Sea History 002 - December 1973

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ecdotes about the ship's bell-and object of interest to all sea buffs and ship lovers . According to Mr. Wede , bells undoubtedly were used by vessels skippered by such men as Columbus, da Gama, Magellan and Drake to signal watches. strike the time, call the crew to meals or prayer and warn of danger. In fact, it was their mystical and religious attributes as a source of divine protection which caused bells to first be carried on board ships. Throughout the Christian era seamen believed bells had magical powers to protect them from real and imagined oceanic dangers. A Dutch engraving by Philip Galle reproduced in the book shows a ship replete with bells charging through an ocean of sea monsters. Mr. Wede note$)\(hat Jean Baptiste Thiers wrote in his Traitez des Cloches, "Bells are rung to ... drive away the demons of the air ... to dissolve thunders, storms , and tempests which is not done by their nature, but by the divine virtue given them when they are blessed." In turn , some ship's bells eventually end up on land , often as church bells . Take the bell from the S.S . ATLANTIC, for instance. The ATLANTIC, built in 1846, sank during a storm in the shallow water off Fisher's Island, Connecticut ; the foremast where the bell hung was above water and it sounded.loudly over the tragedy until it was removed three weeks later. In time, it was given to the Seamen's Mission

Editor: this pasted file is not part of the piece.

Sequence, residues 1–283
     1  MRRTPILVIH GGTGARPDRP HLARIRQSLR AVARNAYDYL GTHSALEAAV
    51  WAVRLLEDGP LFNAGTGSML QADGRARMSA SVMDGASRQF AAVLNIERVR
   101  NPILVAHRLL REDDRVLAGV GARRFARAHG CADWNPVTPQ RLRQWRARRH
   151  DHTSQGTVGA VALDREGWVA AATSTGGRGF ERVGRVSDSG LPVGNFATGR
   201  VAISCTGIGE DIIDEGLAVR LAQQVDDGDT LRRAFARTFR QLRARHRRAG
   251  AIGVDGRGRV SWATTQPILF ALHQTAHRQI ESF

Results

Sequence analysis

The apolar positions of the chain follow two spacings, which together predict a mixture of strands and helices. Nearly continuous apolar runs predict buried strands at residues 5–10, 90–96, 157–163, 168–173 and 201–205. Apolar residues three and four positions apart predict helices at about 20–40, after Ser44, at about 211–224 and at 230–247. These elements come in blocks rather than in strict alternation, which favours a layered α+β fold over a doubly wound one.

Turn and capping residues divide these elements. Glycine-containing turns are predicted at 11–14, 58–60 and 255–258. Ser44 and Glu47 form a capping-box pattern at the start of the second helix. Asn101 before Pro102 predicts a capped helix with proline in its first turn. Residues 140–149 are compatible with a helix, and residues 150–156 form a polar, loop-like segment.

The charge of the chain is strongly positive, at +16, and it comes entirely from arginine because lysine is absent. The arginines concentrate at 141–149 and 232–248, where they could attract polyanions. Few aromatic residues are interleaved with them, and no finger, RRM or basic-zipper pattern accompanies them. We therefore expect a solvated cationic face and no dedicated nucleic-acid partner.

in New York, an actual church that had been set afloat moored at a pier. There it hung for many years, acting as a church bell and calling the seamen to prayer. Eventually it went to the Seamen's Church Institute of New York where it hung over the main entrance for years. Since 1968, when the Institute relocated, the bell has been on display in the second floor lobby. The ATLANTIC'S bell has found a home between its two worlds-the church and the sea. ¡ Mr. Wede's book relates the stories of bells from many famous ships such as the NORMANDIE, which burned and capsized at a pier in New York in 1942 ; the CUTTY SARK, whose bell was stolen from the ship, traded , returned after 12 years and finally stored at the Thames Nautical Training College; the QUEEN MARY, whose bell was purchased.ey a dealer for $325 and one hour later was wearing a price tag of $750; and the famous Lloyd's of London bell from the LUTINE. The Ship's Bell also includes references to Hudson and Mississippi River .steamboats such as the MARY POWELL and DELTA QUEEN and to naval vessels such as the U.S.S. ENTERPRISE. In all, with its total of more than 130 ship's bells described and 48 illustrations The Ship's Bell becomes a most informative and welcome addition to both professional and personal maritime collections . Faye Argentine Seamen 's Church Institute

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